Shoulder Season: Your Ticket To The Perfect Vacation

By Amy Fontinelle AAA

If you're looking for a way to save money on your next trip, you'll need to get creative in terms of timing. No matter your destination, if you visit during high season, you'll pay premium prices and encounter hordes of fellow travelers. However, by traveling during shoulder season - the periods just before and just after the main travel season - you'll enjoy lower prices on airfare, lodging and other amenities along with fewer crowds. Find out why shoulder season is every savvy traveler's best friend. (For more handy ways to save on your vacation, check out our Vacation Savings Tips Slide Show.)

When is Shoulder Season?
While summer is high season in many parts of the world thanks to warm weather and school being out, the timing of high season really depends on the amenities of the location. For example, if you're interested in skiing in Breckenridge, high season will be in winter. A good travel book can tell you when a destination's peak, shoulder and off-seasons are. Just as with a high-season vacation, though, keep in mind that the whims of any particular year's weather will affect what months are the best shoulder season months that year.

How Shoulder Season Saves You Money
Because shoulder season is a less popular time to travel than high season, the laws of supply and demand dictate that airlines, hotels and other travel-related businesses must lower their prices if they hope to continue attracting business. That's good news for you, because it means multiple opportunities to save. Here are some of the specific financial incentives you're likely to encounter:

  • Get the quality of lodging you are accustomed to for less money, whether you tend to stay in one-star or four-star hotels.
  • As an alternative, you can spend the same amount of money you normally would, but get a more luxurious trip than you could normally afford.
  • Airfare can be drastically cheaper. It may be half price or less of the cost to travel during high season (of course, this can also depend on your planning and airfare tracking skills).
  • With the money you've saved on airfare and lodging, you'll have more cash to spend at your destination if you so choose. You may be able to afford to eat out more, attend more shows, visit more attractions or even add an extra location to your itinerary.
  • Traveling during shoulder season may allow you to visit a city you could not otherwise afford. Locations where the dollar is typically weak, such as London, may be less expensive.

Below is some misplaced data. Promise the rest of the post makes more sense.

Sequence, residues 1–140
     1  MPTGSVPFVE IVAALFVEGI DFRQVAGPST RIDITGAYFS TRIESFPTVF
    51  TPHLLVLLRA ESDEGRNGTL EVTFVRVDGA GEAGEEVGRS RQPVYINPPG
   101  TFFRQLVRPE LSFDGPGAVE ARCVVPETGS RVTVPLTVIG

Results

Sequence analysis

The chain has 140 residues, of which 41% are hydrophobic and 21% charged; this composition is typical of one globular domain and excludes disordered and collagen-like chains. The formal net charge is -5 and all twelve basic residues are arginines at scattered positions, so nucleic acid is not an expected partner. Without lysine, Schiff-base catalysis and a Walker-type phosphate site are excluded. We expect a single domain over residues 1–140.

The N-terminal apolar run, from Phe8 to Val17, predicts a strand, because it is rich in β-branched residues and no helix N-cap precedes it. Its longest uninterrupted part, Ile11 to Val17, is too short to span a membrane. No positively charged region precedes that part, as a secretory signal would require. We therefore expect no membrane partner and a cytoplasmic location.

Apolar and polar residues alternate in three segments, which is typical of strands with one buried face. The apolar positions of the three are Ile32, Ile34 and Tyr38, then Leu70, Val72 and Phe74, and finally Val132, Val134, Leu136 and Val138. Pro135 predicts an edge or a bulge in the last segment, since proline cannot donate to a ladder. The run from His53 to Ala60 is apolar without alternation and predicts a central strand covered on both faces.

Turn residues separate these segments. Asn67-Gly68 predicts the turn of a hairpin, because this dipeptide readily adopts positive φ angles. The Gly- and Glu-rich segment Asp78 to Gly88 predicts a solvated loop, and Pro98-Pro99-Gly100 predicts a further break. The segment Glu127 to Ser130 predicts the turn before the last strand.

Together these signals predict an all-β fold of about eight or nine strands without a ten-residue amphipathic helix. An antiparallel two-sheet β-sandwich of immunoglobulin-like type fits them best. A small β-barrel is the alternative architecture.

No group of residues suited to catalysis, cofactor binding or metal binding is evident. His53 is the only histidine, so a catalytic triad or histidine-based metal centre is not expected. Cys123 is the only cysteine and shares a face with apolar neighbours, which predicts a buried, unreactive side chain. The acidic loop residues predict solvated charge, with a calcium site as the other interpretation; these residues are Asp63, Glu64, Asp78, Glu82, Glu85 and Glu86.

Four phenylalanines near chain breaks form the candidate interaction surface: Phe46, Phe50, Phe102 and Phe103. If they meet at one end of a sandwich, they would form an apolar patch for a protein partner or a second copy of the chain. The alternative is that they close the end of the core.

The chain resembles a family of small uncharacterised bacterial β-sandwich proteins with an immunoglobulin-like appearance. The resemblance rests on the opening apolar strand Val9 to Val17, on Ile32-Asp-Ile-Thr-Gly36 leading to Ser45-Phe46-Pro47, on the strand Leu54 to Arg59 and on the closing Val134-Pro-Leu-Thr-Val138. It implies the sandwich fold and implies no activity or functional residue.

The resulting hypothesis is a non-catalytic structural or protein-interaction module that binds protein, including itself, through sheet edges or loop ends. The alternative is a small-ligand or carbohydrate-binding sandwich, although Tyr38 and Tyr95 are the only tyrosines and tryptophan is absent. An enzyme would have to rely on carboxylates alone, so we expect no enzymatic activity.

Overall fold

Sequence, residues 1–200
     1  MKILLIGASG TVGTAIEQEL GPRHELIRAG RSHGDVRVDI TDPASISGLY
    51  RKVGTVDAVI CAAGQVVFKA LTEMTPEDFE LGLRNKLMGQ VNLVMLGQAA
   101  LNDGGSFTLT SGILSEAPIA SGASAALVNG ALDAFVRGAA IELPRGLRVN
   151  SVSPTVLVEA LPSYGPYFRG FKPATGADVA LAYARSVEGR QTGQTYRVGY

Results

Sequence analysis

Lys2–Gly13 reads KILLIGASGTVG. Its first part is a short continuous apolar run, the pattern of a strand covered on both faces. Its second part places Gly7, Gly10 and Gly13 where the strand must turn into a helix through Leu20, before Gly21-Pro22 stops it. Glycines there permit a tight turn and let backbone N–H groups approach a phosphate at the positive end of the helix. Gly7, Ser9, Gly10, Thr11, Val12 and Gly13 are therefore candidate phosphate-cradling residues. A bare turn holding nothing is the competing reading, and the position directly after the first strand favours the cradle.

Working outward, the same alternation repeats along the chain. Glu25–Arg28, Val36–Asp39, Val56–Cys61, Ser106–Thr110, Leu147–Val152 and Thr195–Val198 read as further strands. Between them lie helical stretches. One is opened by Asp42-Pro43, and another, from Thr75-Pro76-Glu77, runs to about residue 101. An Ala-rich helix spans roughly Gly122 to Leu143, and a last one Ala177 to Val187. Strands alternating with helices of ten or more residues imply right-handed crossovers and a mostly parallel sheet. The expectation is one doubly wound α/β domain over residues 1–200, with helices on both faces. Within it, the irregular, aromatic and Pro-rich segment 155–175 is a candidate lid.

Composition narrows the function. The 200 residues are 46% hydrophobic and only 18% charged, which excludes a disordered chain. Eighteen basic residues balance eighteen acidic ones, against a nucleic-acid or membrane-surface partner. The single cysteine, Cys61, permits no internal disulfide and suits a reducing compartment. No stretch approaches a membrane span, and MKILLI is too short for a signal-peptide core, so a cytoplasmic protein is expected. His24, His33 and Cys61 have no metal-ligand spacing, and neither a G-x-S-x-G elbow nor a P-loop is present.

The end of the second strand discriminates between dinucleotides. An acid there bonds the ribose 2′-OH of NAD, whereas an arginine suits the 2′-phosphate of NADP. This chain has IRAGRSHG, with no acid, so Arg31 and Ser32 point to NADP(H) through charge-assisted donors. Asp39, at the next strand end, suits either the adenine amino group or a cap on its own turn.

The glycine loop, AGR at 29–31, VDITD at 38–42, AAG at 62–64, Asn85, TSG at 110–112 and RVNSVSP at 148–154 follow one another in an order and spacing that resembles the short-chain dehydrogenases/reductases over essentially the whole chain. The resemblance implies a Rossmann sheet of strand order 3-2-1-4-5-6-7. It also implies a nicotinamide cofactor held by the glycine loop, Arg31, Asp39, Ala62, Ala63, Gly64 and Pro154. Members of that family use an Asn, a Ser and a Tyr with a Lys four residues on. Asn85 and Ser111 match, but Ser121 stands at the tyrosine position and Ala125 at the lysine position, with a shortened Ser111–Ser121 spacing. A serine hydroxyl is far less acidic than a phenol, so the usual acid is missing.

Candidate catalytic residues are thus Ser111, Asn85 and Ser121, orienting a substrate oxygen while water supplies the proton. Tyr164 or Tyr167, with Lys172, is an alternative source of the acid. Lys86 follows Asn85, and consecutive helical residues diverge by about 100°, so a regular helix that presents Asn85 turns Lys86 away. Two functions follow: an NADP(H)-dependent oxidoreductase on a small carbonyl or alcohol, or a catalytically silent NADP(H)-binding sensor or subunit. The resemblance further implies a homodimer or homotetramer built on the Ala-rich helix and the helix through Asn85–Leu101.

• For those on tight budgets, traveling during shoulder season may allow you to take a modest trip when you otherwise couldn't afford to travel at all.

Additional Benefits
As if the financial benefits weren't enough, shoulder season also has at least two other major perks:

  • You'll encounter fewer crowds. Spending half of your vacation waiting in line during high season is neither relaxing nor a good use of money.
  • You may have better interactions with the locals. When they aren't harried by the massive influx of tourists, you may get more personalized attention and better travel tips from the locals whose paths you cross on your trip, enriching your overall travel experience.

The next section will explore some great shoulder season destinations and show you how to plan the perfect trip without breaking your budget.

Shoulder Season Destinations
Here are the best times to take advantage of shoulder season in a few popular travel destinations.

Washington, D.C. - October and November are the best times to visit. The weather is nice, not too hot, but not yet too cold. Schools are in session, but often school field trips haven't been planned yet, so you won't find throngs of students perusing the Smithsonian and the National Mall. Visit the sites in town during work hours, Monday through Thursday, to further avoid the crowds. Late at night, national monuments are still open and are beautifully lit, serene and nearly empty, with ample, convenient and free parking.

Los Angeles - While Los Angeles is popular in the summer, fall can be a better time to visit. Many coastal areas experience what is locally referred to as "June Gloom", or long stretches of chilly, overcast, gray days at the beach. Smog is also bad in the summer, limiting the area's many spectacular views that can be had on a clear fall day. And while LA does have a reputation for having superb weather year-round, popular tourist destinations like Universal Studios, the Warner Bros. studios and Hollywood do get very hot in the summer months and the ticket prices for some attractions rise with the thermometer.